The Soundtrack Of My Life: Lars Ulrich

Lars Ulrich
(Image credit: Gareth Cattermole/Getty Images)

"Everybody has heard me talk to death about the Motörheads and the Diamond Heads and the Iron Maidens of this world,” says the voluble drummer with Metallica, “but I do have a fairly large appreciation for many music genres.” 

Born on December 26, 1963 in Gentofte, Denmark, and resident in California since the age of 13, Lars Ulrich co-founded Metallica in 1981, with the New Wave Of British Heavy Metal as the template. 

While his music tastes extend to jazz, Oasis, Rage Against The Machine and Simon & Garfunkel, his first love, Deep Purple, remains close to his heart.


The first music I remember hearing

When I was growing up, my dad would play a lot of jazz music – Coltrane, Miles, Dexter Gordon, Ornette Coleman – and some rock: Jimi Hendrix, the Rolling Stones, The Doors. The music you would hear on Danish radio was basically what was coming out of England at the time, so in the early seventies a lot of glam stuff.

The first song I performed live

It was a song called Hit The Lights, with a band called Metallica, in 1982 at Radio City in Anaheim, California. This is the only band I’ve ever been in, and the first song that James Hetfield and I ever wrote together was Hit The Lights.

The best record I've made

Hardwired… To Self-Destruct is the one I have the fewest issues with, and the one that still sounds the most representative of my current head space.

The worst record I've made

Lars Ulrich shocker – we haven’t made a bad record! But seriously, without pussying out, I don’t look at any of them as mistakes. Kill ’Em All [1983]sounds like a very long time ago, a lot of youthful energy on that one. But I’m very at ease with the past.

The best band I've ever seen

Motörhead, AC/DC, Rage Against The Machine, Deep Purple, Thin Lizzy. I don’t know if one is better than the other, but I was fortunate enough to see all of them very early.

The singer

Bon Scott was the coolest singer ever – the vocal delivery, the tongue-in-cheek double entendres and the magnetic personality. Those early AC/DC records – Dirty Deeds Done Dirt Cheap, Let There Be Rock, Powerage, Highway To Hell – are just fucking timeless.

The guitar hero

Ritchie Blackmore. The first concert I ever went to was Deep Purple. I was nine years old, and I still can close my eyes and see him taking the black-and-white Stratocaster and playing it with his foot or grinding it against the PA speakers. That left an impression on me. I think he was the best guitar player of that generation, and for me the epitome of the guitar hero.

The songwriter

Noel Gallagher. The hardest thing in the world – trust me, we know this first-hand – is to write a simple song. And the shorter and simpler, the harder it is. Those great Oasis songs – Wonderwall, Live Forever, Supersonic – if you hear Noel do them by himself, just guitar and voice, it’s pretty incredible what those songs break down to when you’re that naked and that vulnerable.

The greatest album of all time

I’ll give you five in random order: Made In Japan [Deep Purple], Lightning To The Nations [Diamond Head], No Sleep ’Til Hammersmith [Motörhead], Definitely Maybe [Oasis] and the first Rage Against The Machine album [self-titled]. Those are the timeless ones for me. I gravitate between them depending on what mood I’m in. I would say in the last year or so Rage Against The Machine speak more to me than any other band.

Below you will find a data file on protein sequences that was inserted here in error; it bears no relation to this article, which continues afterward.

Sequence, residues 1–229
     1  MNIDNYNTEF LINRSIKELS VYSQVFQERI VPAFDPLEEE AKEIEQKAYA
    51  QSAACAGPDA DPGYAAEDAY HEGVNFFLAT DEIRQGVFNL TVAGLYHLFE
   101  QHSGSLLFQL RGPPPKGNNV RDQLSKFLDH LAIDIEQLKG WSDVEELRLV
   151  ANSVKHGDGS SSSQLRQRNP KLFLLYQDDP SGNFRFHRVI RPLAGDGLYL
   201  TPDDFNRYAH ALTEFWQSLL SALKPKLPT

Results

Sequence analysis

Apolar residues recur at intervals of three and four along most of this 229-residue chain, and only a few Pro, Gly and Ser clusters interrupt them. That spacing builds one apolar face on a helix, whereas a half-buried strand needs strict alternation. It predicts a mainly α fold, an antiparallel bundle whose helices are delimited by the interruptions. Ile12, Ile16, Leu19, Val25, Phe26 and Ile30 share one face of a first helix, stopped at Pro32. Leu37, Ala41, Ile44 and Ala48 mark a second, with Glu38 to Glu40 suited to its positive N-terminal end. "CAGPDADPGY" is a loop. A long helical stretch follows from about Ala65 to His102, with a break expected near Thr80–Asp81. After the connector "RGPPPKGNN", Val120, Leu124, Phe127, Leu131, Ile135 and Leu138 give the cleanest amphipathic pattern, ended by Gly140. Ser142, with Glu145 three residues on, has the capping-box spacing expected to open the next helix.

The anthem

Smoke On The Water. I don’t know if I can say anything about that song that hasn’t been said already. But I can tell you it was a pretty cool experience for me around fifteen years ago when Ian Gillan did a show in San Francisco and I ended up playing Smoke On The Water with him. That was pretty fucking surreal for a guy who grew up in a room plastered with posters of Deep Purple.

The song that makes me cry

In the right mood, some of those timeless Simon & Garfunkel songs can definitely hit an emotional nerve: The Sound Of Silence, Scarborough Fair. Speaking of Paul Simon, his wife Edie Brickell, the first record she made, Shooting Rubberbands At The Stars, has one song, Air Of December, which definitely can get me a little on the misty-eyed side.

My Saturday night party song

Stereo MCs, Connected. That album is fucking genius. Every song just makes you want to bounce around and get your groove on.

My 'In the mood for love' song

I’ll give you this, but let’s leave it at what I give you. Let’s say that my wife and I have a special relationship with the first Montrose album [self-titled], okay? Make of that what you want. Fill in the blanks!

The song I want played at my funeral

Killing In The Name, Rage Against The Machine. ‘Fuck you, I won’t do what you tell me!’ But I don’t know if that’s a song I feel defines my life. I could go with Oasis, Supersonic, or Diamond Head, Am I Evil?. Or I guess Return Of The Vampire by Mercyful Fate. That’s an old classic that I played on when they re-recorded it around 1993, and maybe in some weird way Return Of The Vampire could be me in my afterlife coming back.

Metallica & The San Francisco Symphony Orchestra: S&M2 is out now via Blackened Recordings.

Paul Elliott

Freelance writer for Classic Rock since 2005, Paul Elliott has worked for leading music titles since 1985, including Sounds, Kerrang!, MOJO and Q. He is the author of several books including the first biography of Guns N’ Roses and the autobiography of bodyguard-to-the-stars Danny Francis. He has written liner notes for classic album reissues by artists such as Def Leppard, Thin Lizzy and Kiss, and currently works as content editor for Total Guitar. He lives in Bath - of which David Coverdale recently said: “How very Roman of you!”